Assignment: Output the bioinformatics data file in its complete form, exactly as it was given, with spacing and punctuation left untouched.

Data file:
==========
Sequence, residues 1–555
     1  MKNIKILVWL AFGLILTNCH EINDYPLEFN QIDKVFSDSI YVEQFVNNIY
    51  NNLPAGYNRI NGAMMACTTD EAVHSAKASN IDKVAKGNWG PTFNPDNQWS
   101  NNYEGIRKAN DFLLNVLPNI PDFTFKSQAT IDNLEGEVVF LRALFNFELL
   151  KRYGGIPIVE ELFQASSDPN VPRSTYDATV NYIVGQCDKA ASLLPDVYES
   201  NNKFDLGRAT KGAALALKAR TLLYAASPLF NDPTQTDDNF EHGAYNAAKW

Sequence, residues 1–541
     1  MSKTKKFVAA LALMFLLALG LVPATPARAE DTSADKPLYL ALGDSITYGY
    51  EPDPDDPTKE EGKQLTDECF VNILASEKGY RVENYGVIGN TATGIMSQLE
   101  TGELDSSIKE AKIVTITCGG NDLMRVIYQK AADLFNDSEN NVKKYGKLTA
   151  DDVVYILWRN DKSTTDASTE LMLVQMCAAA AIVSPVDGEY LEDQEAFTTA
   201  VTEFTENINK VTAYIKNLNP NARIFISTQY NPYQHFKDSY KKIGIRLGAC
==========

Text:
Sequence, residues 1–555
     1  MKNIKILVWL AFGLILTNCH EINDYPLEFN QIDKVFSDSI YVEQFVNNIY
    51  NNLPAGYNRI NGAMMACTTD EAVHSAKASN IDKVAKGNWG PTFNPDNQWS
   101  NNYEGIRKAN DFLLNVLPNI PDFTFKSQAT IDNLEGEVVF LRALFNFELL
   151  KRYGGIPIVE ELFQASSDPN VPRSTYDATV NYIVGQCDKA ASLLPDVYES
   201  NNKFDLGRAT KGAALALKAR TLLYAASPLF NDPTQTDDNF EHGAYNAAKW

Sequence, residues 1–541
     1  MSKTKKFVAA LALMFLLALG LVPATPARAE DTSADKPLYL ALGDSITYGY
    51  EPDPDDPTKE EGKQLTDECF VNILASEKGY RVENYGVIGN TATGIMSQLE
   101  TGELDSSIKE AKIVTITCGG NDLMRVIYQK AADLFNDSEN NVKKYGKLTA
   151  DDVVYILWRN DKSTTDASTE LMLVQMCAAA AIVSPVDGEY LEDQEAFTTA
   201  VTEFTENINK VTAYIKNLNP NARIFISTQY NPYQHFKDSY KKIGIRLGAC